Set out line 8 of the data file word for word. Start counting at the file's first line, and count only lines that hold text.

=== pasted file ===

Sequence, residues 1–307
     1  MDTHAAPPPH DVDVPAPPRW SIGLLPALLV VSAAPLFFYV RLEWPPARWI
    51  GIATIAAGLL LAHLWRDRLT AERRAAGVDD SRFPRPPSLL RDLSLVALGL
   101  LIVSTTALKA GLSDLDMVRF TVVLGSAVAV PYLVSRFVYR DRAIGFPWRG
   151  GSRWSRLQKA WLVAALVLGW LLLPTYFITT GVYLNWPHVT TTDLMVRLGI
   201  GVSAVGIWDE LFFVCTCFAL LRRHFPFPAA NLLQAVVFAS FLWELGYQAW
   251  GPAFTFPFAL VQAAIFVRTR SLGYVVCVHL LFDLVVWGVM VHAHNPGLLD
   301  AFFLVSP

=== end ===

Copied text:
   301  AFFLVSP